What is claimed is:

1. A heat exchanger comprising a heat generating electronic component; a heat conducting metallic base member thermally coupled to said heat generating electronic component but electrically isolated therefrom, said base member including a plurality of parallel guide slots therein; at least one heat conducting channel shaped member including side sections forming heat dissipating plates and a bridge section joining said side sections; the free ends of said side sections being located in said guide slots so as to position said channel member relative to said base member; a plurality of fusible metal junctions permanently securing said channel member to said base member in a thermally conductive relationship, whereby fluid passages exist adjacent said heat dissipating plates.

2. A heat exchanger according to claim 1 further comprising a metallic support member secured to said base member and adapted to mount said heat generating electronic component and thermally couple the same to said base member.

3. A heat exchanger comprising a heat generating electronic component; a heat conducting metallic base member thermally coupled to said heat generating electronic component but electrically isolated therefrom, said base member including a plurality of parallel guide slots therein; a plurality of channel shaped members each including a pair of spaced apart side sections forming heat dissipating plates and a bridge section joining said side sections, the free ends of said side sections being located in said guide slots to position said channel members relative to said base member with the heat dissipating plates being disposed orthogonally with respect to said base member so that fluid passages exist adjacent said heat dissipating plates; a plurality of fusible metal junctions permanently securing said channel members to said base member in a thermally conducting relationship; at least one planar metallic member having a plurality of apertures therein; each of said bridge sections including at least one projection adapted to cooperate with one of said apertures; and a second plurality of fusible metal junctions securing said planar member to said channel member.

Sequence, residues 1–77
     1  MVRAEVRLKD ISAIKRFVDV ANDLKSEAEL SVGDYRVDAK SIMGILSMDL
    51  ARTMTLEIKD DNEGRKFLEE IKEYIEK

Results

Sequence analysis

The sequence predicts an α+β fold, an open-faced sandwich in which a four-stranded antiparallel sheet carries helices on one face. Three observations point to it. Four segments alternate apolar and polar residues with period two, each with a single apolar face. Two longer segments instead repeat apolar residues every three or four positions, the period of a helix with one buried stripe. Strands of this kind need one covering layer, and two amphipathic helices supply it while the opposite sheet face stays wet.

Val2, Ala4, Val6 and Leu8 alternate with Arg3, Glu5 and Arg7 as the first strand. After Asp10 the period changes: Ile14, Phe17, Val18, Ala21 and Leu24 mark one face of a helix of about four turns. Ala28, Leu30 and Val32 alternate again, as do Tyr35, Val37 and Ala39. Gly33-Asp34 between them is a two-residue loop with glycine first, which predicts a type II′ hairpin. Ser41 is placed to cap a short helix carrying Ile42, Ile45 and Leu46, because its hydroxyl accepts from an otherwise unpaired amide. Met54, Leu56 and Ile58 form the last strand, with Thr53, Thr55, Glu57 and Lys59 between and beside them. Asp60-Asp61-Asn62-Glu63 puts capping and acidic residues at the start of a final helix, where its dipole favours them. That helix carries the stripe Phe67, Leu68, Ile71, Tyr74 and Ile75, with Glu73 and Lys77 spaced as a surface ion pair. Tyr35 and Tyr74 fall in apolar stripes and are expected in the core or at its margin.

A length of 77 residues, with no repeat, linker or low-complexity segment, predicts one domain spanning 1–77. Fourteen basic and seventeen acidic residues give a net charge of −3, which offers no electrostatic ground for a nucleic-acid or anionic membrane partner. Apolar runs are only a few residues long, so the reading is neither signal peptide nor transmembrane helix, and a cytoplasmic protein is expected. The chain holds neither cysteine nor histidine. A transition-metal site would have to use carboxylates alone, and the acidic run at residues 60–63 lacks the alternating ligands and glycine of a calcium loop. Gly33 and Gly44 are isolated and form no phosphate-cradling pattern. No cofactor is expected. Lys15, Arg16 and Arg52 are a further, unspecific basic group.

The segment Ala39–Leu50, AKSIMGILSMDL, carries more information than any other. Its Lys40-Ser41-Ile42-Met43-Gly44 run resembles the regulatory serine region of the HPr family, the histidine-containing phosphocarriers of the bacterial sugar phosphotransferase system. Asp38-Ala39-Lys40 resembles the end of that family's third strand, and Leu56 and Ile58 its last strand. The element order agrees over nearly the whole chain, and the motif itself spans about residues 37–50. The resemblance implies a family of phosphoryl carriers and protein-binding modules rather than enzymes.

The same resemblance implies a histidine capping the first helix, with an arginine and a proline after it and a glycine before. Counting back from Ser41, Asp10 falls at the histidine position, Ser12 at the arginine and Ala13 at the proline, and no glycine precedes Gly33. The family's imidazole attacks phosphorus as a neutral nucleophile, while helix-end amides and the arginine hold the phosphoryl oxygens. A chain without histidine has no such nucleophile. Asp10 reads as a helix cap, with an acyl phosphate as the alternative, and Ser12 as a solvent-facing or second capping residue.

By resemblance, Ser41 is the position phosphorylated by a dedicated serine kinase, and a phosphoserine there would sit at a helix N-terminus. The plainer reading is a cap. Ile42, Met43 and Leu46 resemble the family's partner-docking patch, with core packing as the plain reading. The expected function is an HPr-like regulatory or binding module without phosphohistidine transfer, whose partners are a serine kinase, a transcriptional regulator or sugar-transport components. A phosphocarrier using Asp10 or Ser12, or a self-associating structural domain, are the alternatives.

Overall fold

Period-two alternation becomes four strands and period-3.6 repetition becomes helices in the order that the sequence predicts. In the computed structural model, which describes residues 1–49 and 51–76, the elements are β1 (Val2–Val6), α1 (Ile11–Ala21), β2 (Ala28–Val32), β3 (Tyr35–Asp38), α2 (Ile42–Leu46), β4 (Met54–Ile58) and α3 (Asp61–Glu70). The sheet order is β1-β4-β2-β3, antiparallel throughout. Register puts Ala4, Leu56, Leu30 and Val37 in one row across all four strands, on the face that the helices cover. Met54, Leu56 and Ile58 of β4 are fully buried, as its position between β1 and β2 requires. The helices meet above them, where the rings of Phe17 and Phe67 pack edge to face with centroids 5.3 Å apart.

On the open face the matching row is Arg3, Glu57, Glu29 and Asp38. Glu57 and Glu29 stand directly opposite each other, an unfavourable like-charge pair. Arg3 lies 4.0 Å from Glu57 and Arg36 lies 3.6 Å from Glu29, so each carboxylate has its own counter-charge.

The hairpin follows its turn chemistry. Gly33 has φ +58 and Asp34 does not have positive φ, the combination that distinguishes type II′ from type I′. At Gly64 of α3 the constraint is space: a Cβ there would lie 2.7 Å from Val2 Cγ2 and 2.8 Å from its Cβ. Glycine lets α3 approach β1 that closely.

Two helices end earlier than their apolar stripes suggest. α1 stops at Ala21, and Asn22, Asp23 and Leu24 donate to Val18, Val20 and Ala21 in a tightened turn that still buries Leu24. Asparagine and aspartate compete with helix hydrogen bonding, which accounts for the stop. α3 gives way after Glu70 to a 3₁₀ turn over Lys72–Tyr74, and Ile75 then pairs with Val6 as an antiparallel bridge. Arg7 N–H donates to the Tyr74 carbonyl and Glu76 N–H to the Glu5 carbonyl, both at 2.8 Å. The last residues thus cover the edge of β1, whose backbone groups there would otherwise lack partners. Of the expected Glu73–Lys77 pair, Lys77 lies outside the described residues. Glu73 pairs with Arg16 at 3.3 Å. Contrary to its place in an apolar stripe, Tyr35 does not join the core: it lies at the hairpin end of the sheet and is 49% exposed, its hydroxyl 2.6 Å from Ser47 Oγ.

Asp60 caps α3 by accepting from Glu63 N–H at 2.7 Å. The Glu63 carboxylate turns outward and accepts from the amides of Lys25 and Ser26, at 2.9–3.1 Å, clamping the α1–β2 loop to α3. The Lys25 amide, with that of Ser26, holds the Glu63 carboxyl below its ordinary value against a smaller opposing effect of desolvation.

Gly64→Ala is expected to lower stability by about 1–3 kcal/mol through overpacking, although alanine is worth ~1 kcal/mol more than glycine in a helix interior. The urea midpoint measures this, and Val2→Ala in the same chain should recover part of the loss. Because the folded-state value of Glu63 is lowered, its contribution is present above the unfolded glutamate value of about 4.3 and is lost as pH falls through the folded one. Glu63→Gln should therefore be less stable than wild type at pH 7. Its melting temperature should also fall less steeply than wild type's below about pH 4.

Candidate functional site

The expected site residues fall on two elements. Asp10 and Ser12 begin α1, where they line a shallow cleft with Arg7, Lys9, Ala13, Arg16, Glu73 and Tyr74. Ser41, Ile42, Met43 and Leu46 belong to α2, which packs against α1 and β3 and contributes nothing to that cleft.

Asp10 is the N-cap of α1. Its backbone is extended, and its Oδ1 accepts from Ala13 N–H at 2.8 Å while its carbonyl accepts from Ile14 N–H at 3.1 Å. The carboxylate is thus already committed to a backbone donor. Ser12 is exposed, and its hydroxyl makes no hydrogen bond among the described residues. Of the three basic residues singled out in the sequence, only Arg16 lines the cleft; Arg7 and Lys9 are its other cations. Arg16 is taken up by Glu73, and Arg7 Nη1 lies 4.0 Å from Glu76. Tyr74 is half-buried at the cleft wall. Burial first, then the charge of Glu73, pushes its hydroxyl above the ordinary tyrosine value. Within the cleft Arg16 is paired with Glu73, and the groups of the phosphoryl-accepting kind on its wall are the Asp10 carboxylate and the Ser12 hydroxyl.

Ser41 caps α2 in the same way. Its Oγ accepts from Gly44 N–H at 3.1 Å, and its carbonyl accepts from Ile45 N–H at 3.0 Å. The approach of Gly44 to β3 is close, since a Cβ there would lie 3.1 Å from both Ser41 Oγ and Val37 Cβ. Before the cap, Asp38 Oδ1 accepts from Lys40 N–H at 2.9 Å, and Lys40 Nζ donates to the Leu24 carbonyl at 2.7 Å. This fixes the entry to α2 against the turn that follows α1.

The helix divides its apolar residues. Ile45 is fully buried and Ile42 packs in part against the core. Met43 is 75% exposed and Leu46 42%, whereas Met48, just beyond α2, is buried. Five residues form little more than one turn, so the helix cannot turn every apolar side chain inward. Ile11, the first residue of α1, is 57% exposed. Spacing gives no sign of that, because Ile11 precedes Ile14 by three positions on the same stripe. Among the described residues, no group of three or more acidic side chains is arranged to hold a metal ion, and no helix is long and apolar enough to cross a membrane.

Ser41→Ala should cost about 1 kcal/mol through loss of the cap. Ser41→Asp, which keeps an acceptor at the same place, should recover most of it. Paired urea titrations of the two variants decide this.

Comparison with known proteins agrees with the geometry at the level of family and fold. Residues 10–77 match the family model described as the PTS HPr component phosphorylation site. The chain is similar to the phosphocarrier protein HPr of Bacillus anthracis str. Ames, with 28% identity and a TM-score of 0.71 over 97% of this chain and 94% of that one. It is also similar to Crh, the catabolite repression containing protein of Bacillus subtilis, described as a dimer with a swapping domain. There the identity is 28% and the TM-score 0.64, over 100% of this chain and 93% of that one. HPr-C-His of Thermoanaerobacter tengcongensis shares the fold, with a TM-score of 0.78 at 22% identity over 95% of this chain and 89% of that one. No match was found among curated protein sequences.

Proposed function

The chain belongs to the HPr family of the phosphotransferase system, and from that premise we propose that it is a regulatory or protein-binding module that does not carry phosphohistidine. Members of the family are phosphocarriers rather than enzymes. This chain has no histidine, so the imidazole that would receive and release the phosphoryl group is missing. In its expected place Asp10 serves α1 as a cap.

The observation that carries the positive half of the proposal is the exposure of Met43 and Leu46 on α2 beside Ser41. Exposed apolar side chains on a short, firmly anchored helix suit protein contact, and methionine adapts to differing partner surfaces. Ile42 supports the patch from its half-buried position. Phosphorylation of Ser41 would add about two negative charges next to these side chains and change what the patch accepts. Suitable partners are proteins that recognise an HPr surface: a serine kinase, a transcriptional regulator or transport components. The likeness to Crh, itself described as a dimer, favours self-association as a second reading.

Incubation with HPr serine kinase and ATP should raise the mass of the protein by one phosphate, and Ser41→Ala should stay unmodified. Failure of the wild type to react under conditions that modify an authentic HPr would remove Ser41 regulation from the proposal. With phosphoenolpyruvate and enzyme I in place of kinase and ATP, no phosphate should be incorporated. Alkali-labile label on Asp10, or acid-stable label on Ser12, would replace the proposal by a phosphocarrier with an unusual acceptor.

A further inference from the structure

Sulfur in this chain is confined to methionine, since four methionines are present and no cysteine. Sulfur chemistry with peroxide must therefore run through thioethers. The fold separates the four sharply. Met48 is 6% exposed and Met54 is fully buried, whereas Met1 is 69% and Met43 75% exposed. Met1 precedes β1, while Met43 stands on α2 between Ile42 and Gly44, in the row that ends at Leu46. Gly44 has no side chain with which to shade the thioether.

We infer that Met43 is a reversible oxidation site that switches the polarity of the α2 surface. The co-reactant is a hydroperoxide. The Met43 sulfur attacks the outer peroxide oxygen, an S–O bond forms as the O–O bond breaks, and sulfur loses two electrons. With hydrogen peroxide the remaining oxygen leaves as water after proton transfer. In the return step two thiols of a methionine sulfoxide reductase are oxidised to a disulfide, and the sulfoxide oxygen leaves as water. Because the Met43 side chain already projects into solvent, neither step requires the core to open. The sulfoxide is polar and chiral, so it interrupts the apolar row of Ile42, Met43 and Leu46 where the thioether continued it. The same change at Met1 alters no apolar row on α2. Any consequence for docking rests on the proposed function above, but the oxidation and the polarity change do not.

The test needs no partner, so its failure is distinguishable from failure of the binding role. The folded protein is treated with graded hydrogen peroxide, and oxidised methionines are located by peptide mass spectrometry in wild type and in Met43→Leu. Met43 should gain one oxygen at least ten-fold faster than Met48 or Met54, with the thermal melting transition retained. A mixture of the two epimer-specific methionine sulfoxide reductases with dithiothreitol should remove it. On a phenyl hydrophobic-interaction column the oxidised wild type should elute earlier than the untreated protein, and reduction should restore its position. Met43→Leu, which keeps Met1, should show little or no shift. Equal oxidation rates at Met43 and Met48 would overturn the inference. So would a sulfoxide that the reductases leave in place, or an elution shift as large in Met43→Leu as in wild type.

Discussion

4. A heat exchanger in accordance with claim 1 wherein said base member and said channel member are constructed from copper.

5. A heat exchanger in accordance with claim 1 wherein said guide slots traverse only a portion of the width of said base member and wherein the free ends of said side sections include extensions located in said guide slots, the remainder of said free ends abutting the normal surface of said base member.

6. A heat exchanger in accordance with claim 3 wherein said base member includes orthogonally extending portions, and wherein said planar member is secured to the free ends of said orthogonally extending portions.

7. A heat exchanger in accordance with claim 3 wherein said guide slots traverse only a portion of the width of said base member and wherein the free ends of said side sections include extensions located in said guide slots, the remainder of said free ends abutting the normal surface of said base member.

References Cited by the Examiner UNITED STATES PATENTS 1,313,730 8/1919 Pease 166 2,471,011 5/1949 Shapiro 317l00 (Other references on following page} 5 UNITED STATES PATENTS Hoheisel 29157.3 Hudson et a1. 29-157.3 Peterson 257245 Lehr et a1. 165-80 Woolard et a1. 257245 Booker 165-80 Rosenbaum 16580 X 6 3,001,102 9/1961 Stiefel et a1. 317-99 3,123,743 3/1964 Perlmutter 317-101X OTHER REFERENCES 5 German printed application No. 1,060,487, printed July 1959.

ROBERT A. OLEARY, Primary Examiner.

HERBERT L. MARTIN, CHARLES SUKALO,

Examiners.

Patent Citations
Cited PatentFiling datePublication dateApplicantTitle